The Caucasus

UN: Russia must investigate Chechnya attack

A group of United Nations human rights experts called on the Russian Federation¬†to investigate a violent attack in Chechnya¬†against journalist Yelena Milashina and human rights lawyer Alexander Nemov, and bring to justice the perpetrators.¬†Milashina was covering, and Nemov participating¬†in, the¬†trial of Zarema Musaeva, the mother of exiled opposition activists who challenged the leader of the Chechen Republic, Ramzan Kadyrov.¬†Milashina is known for breaking the story of the “anti-gay purges” in Kadyrov’s Chechnya in 2017, which sparked international outcry. (Image: OHCHR via Twitter)

The Caucasus
Georgia

Russia ordered to pay damages for Georgia conflict

The European Court of Human Rights (ECHR) ordered Russia to pay 130 million euros ($143 million) in compensation to Georgia, almost 15 years after the war in the South Caucasus nation. The case concerns allegations by the Georgian government that actions by the Russian Federation during the 2008 conflict amounted to breaches of the European Convention on Human Rights, including ethnically targeted killings and arbitrary detention of civilians. The ECHR found that there is still a basis to make an award under the Convention, despite the fact that Russia has ceased its membership in the Council of Europe, and failed to cooperate with the proceedings. (Map: PLC)

The Caucasus
Georgia

Georgia drops ‘foreign agent’ bill after protests

Georgia’s ruling coalition agreed to withdraw a controversial “foreign agent” bill after two days of angry¬†protests¬†in the capital Tbilisi. The bill “On Transparency of Foreign Influence,” introduced in Parliament in February, would have required non-governmental organizations and media outlets that receive 20% or more of their annual revenue from a “foreign power” to register as “agents of foreign influence” with the Justice Ministry. (Map:¬†PLC)

The Caucasus
Lachin

Armenia detains anti-Russia protesters amid Lachin Corridor stand-off

At least 65 were arrested in Armenia’s second city of Gyumri as authorities dispersed a rally outside a Russian military base. Activists were demanding that Yerevan cut ties with Moscow amid a deepening stand-off with Azerbaijan over the disputed enclave of Nagorno-Karabakh. Russian “peacekeepers” have failed to re-open the Lachin Corridor, the only access in or out of Nagorno-Karabakh, which has been closed by Azerbaijan for almost a month‚ÄĒleaving 100,000 ethnic Armenians trapped, with supplies of food and medicine running low. The corridor was supposed to remain open under terms of the November 2020 ceasefire deal between Armenia and Azerbaijan. But the corridor has for nearly a month been blocked by Azeri activists, who charge¬†that unregulated mining operations in Nagorno-Karabakh are causing environmental damage to the territory. (Map via Wikimedia Commons)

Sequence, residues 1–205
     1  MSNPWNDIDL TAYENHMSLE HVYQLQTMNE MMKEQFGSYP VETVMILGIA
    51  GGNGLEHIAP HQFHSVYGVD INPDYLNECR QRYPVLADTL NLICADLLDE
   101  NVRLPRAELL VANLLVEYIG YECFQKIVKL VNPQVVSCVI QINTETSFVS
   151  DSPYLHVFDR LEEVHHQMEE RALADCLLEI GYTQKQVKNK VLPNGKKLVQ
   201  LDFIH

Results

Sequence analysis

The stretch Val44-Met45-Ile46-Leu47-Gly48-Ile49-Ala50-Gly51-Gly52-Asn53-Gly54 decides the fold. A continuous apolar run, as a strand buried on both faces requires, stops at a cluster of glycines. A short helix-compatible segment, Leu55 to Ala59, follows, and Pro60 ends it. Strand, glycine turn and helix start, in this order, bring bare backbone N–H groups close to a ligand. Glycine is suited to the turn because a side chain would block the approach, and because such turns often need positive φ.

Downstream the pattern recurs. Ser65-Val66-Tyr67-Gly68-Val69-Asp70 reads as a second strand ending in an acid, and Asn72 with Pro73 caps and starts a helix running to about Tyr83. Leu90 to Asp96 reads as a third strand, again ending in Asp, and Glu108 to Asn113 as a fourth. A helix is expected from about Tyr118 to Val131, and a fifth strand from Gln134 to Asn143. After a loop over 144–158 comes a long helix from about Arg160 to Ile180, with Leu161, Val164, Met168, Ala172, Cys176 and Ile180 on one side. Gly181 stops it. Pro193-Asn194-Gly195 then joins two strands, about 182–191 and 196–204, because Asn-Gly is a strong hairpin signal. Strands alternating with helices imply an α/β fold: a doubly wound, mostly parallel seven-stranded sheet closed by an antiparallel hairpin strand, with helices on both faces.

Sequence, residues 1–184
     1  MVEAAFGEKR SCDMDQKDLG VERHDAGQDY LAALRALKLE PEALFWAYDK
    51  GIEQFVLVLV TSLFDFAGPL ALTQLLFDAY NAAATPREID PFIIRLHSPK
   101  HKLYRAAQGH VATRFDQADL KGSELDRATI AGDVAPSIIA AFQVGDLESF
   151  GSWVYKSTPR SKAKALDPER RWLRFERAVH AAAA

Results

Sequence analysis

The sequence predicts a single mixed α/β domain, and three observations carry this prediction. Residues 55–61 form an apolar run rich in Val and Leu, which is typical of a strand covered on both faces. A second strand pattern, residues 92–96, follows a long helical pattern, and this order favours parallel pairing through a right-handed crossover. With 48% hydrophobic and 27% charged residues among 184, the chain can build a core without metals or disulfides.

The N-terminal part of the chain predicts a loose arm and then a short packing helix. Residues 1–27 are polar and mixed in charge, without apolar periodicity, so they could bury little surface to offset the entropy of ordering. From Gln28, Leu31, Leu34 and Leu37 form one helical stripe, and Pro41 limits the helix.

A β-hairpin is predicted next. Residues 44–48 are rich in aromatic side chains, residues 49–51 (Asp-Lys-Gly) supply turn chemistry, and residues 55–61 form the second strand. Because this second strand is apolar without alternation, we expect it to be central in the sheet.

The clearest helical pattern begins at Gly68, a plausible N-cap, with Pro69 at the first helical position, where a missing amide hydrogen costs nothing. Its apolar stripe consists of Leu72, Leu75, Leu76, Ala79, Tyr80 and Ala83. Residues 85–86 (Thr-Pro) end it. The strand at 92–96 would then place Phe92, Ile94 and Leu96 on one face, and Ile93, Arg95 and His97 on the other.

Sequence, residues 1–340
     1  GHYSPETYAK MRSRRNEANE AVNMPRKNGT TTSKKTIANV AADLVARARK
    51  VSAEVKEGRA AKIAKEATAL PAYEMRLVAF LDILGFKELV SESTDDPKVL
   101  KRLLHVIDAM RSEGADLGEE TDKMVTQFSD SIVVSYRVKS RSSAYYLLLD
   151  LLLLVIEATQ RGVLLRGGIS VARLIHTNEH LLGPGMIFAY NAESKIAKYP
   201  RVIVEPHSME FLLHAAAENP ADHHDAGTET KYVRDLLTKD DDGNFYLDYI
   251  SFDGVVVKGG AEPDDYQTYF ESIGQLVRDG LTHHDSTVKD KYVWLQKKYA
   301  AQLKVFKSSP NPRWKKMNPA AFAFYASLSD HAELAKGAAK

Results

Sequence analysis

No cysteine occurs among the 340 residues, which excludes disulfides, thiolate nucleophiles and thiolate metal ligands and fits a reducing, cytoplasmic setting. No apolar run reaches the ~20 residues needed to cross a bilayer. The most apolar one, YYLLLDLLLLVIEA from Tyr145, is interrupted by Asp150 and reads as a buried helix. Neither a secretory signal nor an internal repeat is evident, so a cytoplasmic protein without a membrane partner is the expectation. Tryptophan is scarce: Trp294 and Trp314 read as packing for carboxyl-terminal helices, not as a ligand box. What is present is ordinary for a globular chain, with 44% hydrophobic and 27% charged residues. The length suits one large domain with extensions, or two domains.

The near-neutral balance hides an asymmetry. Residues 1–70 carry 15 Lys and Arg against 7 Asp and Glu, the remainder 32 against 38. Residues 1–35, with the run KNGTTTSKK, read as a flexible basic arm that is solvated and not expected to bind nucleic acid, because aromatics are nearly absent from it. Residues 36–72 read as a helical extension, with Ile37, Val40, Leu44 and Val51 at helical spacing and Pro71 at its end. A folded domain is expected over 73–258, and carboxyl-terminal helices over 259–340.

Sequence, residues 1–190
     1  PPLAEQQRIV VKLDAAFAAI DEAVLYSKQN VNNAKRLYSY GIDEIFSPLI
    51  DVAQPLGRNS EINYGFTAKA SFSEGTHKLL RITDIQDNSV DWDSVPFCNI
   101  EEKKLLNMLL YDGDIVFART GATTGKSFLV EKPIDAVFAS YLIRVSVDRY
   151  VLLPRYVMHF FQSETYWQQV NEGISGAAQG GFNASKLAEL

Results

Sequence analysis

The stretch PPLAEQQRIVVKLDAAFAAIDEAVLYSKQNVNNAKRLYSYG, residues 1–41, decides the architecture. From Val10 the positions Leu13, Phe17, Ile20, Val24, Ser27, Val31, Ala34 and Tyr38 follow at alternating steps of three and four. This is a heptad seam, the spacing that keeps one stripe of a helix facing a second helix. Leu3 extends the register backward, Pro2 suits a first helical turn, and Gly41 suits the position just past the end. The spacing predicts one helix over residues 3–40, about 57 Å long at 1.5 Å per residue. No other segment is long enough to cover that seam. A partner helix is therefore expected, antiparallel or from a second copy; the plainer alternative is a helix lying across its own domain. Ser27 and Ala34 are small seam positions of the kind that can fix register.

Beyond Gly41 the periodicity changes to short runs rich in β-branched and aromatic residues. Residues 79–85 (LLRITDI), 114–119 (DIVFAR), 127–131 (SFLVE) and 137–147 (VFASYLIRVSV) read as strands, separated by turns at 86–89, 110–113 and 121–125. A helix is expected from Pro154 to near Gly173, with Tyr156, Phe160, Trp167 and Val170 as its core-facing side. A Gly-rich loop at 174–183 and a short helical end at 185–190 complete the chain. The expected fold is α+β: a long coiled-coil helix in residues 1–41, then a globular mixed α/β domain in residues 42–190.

Europe
Stratofortress

Massive military drills from North Sea to Caucasus

NATO opened an annual exercise to test nuclear deterrence capabilities in Europe, with the participation of 14 of the 30 member countries. The drill, this year dubbed “Steadfast Noon,” will run two weeks and involve 60 aircraft, mostly over the North Sea. Russia‚Äôs own nuclear deterrence drills, known as GROM, are expected to begin later this month‚ÄĒwhich means they will overlap with the NATO exercise. Iran’s Islamic Revolutionary Guards Corps meanwhile launched a large-scale military drill along the borders of Armenia and Azerbaijan. The exercise has seen construction of a temporary pontoon bridge, allowing passage of tanks and armored vehicles, over portions of the Araz River that separates Iran from the Caucasus republics. Last month, Tehran warned that it would not tolerate any seizure of territory from Armenia by Azerbaijan after border clashes broke out between its two northern neighbors. (Photo of B-52 Stratofortress via Wikimedia Commons)

Europe
mariupol ruins

Podcast: Grozny, Aleppo, Mariupol

In Episode 144 of the CounterVortex podcast, Bill Weinberg notes Putin’s annexation of Ukraine’s Donbas region not only came on exactly the same day as the 1938 Munich Agreement, which approved Hitler’s annexation of Czechoslovakia’s Sudetenland‚ÄĒit was also the same day that Putin launched two of his previous criminal military adventures. On Sept. 30, 1999, Russian tanks rolled into Chechnya, marking the start of the Second Chechen War, with massive aerial bombardment of the region’s capital city of Groazny. On Sept. 30, 2015, Russian began air-strikes in Syria, marking the start of a massive military intervention on behalf of the Bashar Assad dictatorship, in which the city of Aleppo would be virtually destroyed by bombardment. And in Putin’s new war of aggression in Ukraine, the Azov seaport of Mariupol has been similarly nearly obliterated. A review of this history reveals Vladimir Putin as a serial city-destroyer, who must be deposed and put on trial for his crimes against humanity. Listen on SoundCloud or via Patreon.¬†(Photo via Twitter)